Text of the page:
I want to implement my own GPS navigation for a quad-copter. I can calculate and filter the GPS coordinates (latitude and longitude in degrees).

I believe the easiest approach for me would be, to calculate the change of the heading of the quad-copter from the current attitude to the destination point and let it fly straight on after turning.

However I am not sure about the 2D representation of the latitude/longitude-GPS coordinates (for a round earth to a 2D map system when calculating the heading change). How big is the expected error? Or is there none?

  • $\begingroup$ Have a look at world geodetic systems (especially WGS84). Also, on a somewhat related note, you can use USGS's earth explorer portal to download anything from satellite imagery to digital elevation models (free registration required though). $\endgroup$ – EDDY74 Mar 27 '14 at 6:03

If the expected range of your quadcopter's journeys is under 10 miles, the error between spherical and flat geometry is less than the GPS's poistion error...assuming you are using normal GPS, not dGPS. As a rough rule of thumb, 2D mapping works to the horizon!

  • $\begingroup$ Very interesting way of thinking about GPS errors and errors induced when converting between spherical/flat. Could you however perhaps elaborate a bit more on what you mean by 2D mapping works to the horizon. $\endgroup$ – EDDY74 Mar 27 '14 at 6:09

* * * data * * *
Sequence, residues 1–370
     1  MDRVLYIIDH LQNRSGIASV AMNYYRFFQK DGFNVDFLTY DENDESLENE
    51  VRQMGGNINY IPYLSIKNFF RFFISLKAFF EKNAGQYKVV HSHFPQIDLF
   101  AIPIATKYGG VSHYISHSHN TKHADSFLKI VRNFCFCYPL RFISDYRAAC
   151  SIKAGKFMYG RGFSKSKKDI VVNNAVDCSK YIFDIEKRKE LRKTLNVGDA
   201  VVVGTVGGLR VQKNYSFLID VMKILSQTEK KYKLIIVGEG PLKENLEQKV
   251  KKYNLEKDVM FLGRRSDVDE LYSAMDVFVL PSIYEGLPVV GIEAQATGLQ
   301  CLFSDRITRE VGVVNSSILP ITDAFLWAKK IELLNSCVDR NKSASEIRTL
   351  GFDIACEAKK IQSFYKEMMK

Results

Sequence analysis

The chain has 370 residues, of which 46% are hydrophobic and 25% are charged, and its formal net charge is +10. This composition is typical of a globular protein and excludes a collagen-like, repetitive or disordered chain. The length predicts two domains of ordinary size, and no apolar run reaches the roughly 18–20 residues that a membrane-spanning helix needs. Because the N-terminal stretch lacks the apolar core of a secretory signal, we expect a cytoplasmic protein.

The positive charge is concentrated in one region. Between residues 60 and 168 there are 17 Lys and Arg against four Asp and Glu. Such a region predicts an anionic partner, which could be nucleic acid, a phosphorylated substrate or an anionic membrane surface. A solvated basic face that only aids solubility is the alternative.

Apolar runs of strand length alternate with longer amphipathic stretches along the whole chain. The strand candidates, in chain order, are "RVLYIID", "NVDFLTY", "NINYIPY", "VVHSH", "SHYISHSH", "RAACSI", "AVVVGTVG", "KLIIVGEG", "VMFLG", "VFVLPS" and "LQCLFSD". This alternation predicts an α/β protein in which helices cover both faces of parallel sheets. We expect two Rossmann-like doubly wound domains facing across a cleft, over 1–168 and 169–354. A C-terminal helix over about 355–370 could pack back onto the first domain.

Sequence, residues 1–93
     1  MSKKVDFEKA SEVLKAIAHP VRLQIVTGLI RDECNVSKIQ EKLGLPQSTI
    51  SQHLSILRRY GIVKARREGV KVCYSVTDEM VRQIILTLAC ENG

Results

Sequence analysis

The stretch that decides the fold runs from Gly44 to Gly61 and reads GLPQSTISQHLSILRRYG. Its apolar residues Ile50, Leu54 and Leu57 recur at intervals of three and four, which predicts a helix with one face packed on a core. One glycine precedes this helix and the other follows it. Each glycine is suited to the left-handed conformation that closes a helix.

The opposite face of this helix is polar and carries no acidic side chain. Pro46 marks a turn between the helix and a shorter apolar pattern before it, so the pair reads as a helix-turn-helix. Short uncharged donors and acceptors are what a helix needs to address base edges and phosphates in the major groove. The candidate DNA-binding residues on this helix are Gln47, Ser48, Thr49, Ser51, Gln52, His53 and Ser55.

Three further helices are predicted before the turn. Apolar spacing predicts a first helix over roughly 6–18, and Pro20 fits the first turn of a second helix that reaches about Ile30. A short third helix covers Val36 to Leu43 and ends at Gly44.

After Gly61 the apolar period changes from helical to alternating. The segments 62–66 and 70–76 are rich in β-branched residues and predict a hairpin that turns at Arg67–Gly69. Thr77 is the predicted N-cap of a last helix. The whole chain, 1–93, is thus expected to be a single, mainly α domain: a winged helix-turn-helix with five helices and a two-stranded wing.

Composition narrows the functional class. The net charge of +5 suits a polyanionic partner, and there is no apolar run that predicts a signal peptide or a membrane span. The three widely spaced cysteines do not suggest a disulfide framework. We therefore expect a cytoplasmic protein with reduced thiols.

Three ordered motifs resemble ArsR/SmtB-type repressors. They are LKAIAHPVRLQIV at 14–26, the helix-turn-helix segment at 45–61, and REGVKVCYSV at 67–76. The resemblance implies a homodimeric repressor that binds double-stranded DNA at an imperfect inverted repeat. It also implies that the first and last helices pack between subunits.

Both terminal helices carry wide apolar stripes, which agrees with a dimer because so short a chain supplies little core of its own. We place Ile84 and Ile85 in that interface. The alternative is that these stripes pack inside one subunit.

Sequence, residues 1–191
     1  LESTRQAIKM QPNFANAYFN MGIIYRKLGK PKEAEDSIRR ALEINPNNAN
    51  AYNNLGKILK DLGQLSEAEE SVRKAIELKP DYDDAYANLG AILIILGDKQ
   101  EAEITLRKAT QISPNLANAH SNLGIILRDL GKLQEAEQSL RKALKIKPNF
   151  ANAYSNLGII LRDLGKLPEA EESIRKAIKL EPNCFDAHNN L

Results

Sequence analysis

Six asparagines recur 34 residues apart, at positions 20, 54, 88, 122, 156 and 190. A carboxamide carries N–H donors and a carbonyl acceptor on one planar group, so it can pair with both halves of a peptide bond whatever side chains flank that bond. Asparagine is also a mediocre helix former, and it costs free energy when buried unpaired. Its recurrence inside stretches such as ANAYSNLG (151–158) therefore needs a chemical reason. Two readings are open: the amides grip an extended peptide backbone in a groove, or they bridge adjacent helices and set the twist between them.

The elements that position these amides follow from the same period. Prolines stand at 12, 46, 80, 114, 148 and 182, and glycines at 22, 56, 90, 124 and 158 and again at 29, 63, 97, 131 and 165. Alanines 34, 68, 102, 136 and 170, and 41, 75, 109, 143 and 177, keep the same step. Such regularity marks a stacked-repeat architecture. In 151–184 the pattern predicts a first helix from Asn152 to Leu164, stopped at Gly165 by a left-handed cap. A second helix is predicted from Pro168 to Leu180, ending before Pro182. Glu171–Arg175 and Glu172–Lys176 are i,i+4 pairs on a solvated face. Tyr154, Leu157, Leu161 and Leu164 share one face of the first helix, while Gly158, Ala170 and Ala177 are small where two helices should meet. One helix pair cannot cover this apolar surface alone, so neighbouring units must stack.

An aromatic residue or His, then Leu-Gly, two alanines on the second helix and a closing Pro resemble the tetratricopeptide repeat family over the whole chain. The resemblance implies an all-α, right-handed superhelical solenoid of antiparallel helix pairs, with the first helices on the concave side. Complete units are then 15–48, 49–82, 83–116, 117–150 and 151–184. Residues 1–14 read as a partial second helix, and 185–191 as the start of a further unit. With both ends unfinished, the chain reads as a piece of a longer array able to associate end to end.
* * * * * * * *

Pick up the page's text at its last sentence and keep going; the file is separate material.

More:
• $\begingroup$ I was just asking this question myself yesterday and was thinking how to calculate the error. $\endgroup$ – dgrat Mar 27 '14 at 18:58
  • $\begingroup$ Sorry, the horizon remark was in the nature of a joke: the horizon is 'visible' because its where the curvature of the earth has become 'visible' $\endgroup$ – Mhz4.77 Mar 27 '14 at 21:32
  • $\begingroup$ I believe this page covers the problems and answers in much greater detail than I ever could: cs.nyu.edu/visual/home/proj/tiger/gisfaq.html In particular, note Bob Chamberlain's message on range errors part way down the page. $\endgroup$ – Mhz4.77 Mar 29 '14 at 13:42

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